A clocked vehicle is one in which, by accident or design, the milometer has been physically wound back or the display has been reprogrammed to show a lower mileage.
Occasionally, accidental clocking may occur as the result of repairing or replacing a dashboard or instrument(s) on the dashboard, but often clocking is found to be a deliberate fraudulent attempt to artificially inflate the book value of a vehicle.
The book value is based on the make, model, year, and comparable mileage, so any vehicle with lower mileage is worth paying more money for, in the eyes of a prospective buyer.
According to research conducted by Rapid Car Check, 443,061 (6.32%) of the seven million vehicles subjected to mileage check were found to have inaccurate mileage readings.
If that percentage is reflected by the entire vehicle population of the UK, as many as 2.5 million cars and vans may have been subject to clocking in one form or another.
The Citroen Dispatch fared worst in the model clocking stakes with 29.89% of vehicles tested found to be clocked, followed by the Renault Scenic which had 29.61% and the Peugeot Expert followed with 28.63%.
Of course, it is not just consumers who can fall victim to clocked vehicles. According to Cap HPI, 40% of motor traders have bought a second-hand vehicle only to discover later that it had been clocked.
Despite repeated calls from the Local Government Association (LGA) to ban so-called ‘mileage correction’ tools in line with proposed European Union (EU) legislation, many of these tools are cheap and readily available to buy on the Internet.
Motor trade insurance
Looking for motor trade insurance? you could save up to 67.5% with Unicom. Click here to get a quote that could save you £££’s
Councillor Simon Blackburn said, ‘Trading Standards teams across the country often receive more complaints about used cars than anything else”.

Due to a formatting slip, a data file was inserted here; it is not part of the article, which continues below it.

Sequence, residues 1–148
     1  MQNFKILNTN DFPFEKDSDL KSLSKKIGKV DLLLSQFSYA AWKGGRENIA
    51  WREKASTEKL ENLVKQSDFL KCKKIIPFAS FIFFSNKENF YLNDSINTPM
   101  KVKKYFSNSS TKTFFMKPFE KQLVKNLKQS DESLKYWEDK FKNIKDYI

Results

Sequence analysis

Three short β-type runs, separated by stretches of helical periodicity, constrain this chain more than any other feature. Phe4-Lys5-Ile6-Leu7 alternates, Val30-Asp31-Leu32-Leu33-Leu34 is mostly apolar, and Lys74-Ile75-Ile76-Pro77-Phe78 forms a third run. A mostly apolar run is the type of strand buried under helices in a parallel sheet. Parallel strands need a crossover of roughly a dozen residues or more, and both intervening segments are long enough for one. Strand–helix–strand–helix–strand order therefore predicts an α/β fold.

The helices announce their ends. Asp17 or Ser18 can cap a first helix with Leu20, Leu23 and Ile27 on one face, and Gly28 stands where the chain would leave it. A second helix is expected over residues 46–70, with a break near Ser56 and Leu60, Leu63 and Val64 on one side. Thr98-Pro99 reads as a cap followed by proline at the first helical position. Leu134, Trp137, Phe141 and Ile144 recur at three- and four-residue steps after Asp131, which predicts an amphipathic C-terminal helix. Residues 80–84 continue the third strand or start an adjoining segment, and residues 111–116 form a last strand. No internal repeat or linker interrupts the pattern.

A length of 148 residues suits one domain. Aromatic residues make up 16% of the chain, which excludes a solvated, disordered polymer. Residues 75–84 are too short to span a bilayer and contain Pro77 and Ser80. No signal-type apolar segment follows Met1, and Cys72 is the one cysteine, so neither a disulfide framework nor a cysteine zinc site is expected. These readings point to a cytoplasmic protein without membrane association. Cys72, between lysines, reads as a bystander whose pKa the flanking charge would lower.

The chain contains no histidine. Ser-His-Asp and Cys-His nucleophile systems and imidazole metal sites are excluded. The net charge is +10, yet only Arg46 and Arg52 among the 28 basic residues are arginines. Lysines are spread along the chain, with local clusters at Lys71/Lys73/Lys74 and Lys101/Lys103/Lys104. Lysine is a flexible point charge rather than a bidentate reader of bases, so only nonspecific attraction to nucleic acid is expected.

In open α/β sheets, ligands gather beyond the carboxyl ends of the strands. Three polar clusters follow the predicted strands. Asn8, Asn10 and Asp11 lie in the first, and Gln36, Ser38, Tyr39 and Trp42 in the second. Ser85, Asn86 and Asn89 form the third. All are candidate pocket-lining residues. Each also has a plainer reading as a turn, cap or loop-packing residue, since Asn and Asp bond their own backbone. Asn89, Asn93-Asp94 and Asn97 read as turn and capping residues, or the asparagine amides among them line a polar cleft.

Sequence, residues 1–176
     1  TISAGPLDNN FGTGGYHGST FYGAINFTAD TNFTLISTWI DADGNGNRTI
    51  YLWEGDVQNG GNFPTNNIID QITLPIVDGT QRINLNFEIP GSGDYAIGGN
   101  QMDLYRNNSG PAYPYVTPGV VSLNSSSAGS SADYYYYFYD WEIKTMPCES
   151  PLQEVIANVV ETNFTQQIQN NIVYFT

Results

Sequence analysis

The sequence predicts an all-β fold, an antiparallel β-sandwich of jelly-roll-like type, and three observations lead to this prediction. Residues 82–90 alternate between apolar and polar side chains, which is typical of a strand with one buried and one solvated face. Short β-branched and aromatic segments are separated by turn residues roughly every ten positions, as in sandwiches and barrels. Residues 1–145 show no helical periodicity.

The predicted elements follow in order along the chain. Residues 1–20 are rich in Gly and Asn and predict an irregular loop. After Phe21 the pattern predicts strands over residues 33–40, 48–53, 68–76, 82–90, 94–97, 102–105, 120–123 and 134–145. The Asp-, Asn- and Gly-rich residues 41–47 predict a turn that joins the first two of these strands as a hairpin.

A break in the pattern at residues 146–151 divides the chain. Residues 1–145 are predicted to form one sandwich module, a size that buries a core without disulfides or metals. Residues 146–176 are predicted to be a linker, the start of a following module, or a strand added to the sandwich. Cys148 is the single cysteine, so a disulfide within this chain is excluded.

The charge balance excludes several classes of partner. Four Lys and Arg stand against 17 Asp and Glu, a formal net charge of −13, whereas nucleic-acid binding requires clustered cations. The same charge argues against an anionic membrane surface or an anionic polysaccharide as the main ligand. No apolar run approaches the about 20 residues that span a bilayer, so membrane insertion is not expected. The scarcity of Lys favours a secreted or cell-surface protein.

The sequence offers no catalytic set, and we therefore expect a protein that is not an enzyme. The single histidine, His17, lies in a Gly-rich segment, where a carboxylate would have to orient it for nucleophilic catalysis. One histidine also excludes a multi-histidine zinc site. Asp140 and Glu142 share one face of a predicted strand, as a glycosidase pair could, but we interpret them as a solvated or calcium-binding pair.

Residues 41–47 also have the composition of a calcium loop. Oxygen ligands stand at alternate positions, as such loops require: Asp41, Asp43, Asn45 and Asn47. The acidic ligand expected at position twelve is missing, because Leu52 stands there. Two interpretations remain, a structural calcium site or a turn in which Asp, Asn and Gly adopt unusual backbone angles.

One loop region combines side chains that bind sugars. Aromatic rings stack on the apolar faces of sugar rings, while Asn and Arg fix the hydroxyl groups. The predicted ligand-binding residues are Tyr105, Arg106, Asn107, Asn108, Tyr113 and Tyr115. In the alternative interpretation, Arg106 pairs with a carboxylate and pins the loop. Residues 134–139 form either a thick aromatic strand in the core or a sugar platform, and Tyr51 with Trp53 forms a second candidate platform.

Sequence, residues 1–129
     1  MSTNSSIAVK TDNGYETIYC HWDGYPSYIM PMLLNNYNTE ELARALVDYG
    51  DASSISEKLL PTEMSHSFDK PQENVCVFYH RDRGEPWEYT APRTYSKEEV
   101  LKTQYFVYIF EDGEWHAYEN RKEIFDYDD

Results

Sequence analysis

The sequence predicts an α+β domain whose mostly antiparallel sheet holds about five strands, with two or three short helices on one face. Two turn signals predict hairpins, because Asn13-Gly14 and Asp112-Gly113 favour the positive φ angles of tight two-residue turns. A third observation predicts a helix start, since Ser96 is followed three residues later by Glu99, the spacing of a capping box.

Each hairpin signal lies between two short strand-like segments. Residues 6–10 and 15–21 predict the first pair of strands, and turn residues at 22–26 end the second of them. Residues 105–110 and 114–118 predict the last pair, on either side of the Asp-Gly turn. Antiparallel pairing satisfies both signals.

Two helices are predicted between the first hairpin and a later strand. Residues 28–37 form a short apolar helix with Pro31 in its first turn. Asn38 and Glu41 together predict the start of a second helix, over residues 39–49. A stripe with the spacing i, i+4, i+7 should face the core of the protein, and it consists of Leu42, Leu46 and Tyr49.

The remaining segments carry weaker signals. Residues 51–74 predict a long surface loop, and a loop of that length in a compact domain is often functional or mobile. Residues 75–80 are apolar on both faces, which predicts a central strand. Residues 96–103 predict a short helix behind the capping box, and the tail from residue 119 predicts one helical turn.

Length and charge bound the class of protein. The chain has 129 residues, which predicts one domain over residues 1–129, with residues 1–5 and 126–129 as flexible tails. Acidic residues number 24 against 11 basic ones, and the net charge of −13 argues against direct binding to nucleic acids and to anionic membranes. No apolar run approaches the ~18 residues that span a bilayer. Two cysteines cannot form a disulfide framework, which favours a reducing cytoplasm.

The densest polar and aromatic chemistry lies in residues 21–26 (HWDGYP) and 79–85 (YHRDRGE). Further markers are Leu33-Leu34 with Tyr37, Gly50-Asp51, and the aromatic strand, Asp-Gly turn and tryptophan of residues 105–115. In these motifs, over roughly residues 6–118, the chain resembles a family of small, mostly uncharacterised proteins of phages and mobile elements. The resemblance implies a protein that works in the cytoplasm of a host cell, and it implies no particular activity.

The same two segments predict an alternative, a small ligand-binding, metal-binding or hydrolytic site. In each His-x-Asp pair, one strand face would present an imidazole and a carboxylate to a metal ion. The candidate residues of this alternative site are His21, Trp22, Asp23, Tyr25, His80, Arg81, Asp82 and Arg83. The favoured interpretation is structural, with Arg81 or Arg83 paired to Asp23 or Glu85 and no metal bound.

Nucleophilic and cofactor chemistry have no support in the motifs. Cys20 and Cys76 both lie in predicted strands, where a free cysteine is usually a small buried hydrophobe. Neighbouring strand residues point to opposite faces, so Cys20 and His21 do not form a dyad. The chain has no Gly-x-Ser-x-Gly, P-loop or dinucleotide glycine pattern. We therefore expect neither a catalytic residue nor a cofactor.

Consequently, anyone working in the motor trade remains potentially vulnerable to buying a clocked vehicle from anyone. Indeed, many in the motor trade industry believe that it is dishonest vehicle owners rather than dishonest traders who provide the impetus for clocking vehicles.
Clocking a vehicle is not illegal but selling a clocked vehicle without making known any mileage discrepancy is, and any motor trade insurance policy holders may find that their insurance policy is adversely affected if a buyer makes an insurance claim against them.
Minimising overheads in the motor industry is important now more than ever, variable costs like motor trade insurance, garage insurance, employers public and product liability insurance amongst other expenses is a major concern, so any unnecessary expenditure is something the whole trade can do without.
If you are in the market for a second-hand car, a vehicle history check conducted by a reputable provider can reveal any ‘hidden’ history of a prospective purchase, not only clocking issues, but any crash damage, outstanding finance and much more.
Vehicle paperwork like MOT certificates and service history should also indicate whether the total mileage is accurate, but do not hesitate to double check with any service providers if you are in any doubt.
Inspect vehicles for unusual wear-and-tear to frequently used components, including the steering wheel, pedals, and upholstery, and take a thorough test drive.
Legally, if there is any evidence that the mileage of a vehicle is incorrect, a mileage disclaimer or a sticker on the odometer and/or in the sales documentation; must be applied by a motor trade dealer selling a vehicle.
Any business found clocking a vehicle and subsequently disclaims the mileage is offered no legal protection whatsoever.